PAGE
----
When the Conductor becomes the Accompanist…

To say that I am the Musical Director of the Pewsey Belles Ladies choir sounds terribly grand and perhaps rather pretentious.  The reality of this is somewhat different. Most choirs are fortunate enough to have a musical director or conductor, who essentially is in charge and directs the music – as the title would suggest.  Then additionally there is usually an accompanist, which although often regarded as a lowly role is in fact, certainly in my opinion, on the most important roles in the choir.  The accompanist has a lot to so; firstly they have the most notes to learn.  They also need to almost commit their part to memory in order to watch the conductor – this will vary according to how demanding the conductor is in terms of changed tempos and dynamics etc. Nevertheless, ultimately it is the accompanist who holds it all together by watching the conductor and listening to the choir.

However, currently the Pewsey Belles do not have an accompanist – they just have me as the so called Musical Director who has to double up as accompanist, conductor and choir trainer all at the same time.  Now, this is not intended to be a sob story as I am quite sure there are many choirs and choirmasters in a similar position.  Rather, this post is concerned with how I deal with this situation.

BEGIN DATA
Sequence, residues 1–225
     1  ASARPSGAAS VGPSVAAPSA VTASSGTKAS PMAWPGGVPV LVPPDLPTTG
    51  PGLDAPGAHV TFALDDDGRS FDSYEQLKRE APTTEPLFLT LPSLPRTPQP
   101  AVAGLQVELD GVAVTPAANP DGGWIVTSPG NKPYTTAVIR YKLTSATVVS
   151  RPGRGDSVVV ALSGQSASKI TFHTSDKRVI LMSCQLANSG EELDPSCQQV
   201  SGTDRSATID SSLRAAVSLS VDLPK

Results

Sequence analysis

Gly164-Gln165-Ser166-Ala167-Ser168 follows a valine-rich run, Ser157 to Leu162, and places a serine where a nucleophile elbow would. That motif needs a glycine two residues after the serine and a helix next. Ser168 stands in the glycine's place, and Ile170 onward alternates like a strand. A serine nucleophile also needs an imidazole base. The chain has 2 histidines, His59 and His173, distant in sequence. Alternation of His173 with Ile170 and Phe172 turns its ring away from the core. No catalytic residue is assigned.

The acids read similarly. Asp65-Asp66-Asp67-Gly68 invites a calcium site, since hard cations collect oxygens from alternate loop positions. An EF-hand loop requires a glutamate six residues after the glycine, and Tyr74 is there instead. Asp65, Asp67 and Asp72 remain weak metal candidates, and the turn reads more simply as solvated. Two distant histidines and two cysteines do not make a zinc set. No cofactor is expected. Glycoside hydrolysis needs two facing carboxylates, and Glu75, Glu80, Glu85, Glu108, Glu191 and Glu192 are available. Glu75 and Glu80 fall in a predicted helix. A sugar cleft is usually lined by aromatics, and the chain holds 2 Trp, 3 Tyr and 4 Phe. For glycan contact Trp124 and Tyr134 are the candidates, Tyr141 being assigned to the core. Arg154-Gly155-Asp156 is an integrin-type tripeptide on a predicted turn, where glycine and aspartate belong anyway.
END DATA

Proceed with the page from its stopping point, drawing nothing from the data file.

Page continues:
In many respects during a rehearsal being conductor and accompanist has some benefits as you can quickly play parts through and jump from one thing to another without having to communicate to both choir and accompanist.  This may seem a small point and perhaps part of it is me looking for a positive spin on not having an accompanist.  However, it is performances where a lack of accompanist becomes an issue.  The only real way to attempt to direct a choir from the piano is if the piano is right in front of the choir, but then your performance looks like a rehearsal.  Off to one side, however, and you lose all contact with the choir and this makes things quite tricky,  I’ve also found that the choir are less confident if I am occupied playing the piano stage left and they are faced with just the audience.

To get around this I prepare backing tracks for use in concerts which are anything from a simple piano accompaniment to a full orchestral track.  A lot of these are adapted from the rehearsal tracks that I prepare for the choir to help them learn the parts.  Obviously there is a wealth of difference between a metronomic rehearsal track and a track which can be used as a backing track in place of an accompanist or orchestra and this does take some extra preparation in terms of balance, dynamics and subtle speed changes.

Whilst I would be the first to say that a pre recorded backing track is not the perfect substitute for a real accompanist or orchestra, it is far better than attempting to play the piano and conduct at the same time and means in the case of the Pewsey Belles I can ensure that entries are together.  Without wishing to blow my own trumpet, the choir do sound better and far more confident when I am conducting.

 

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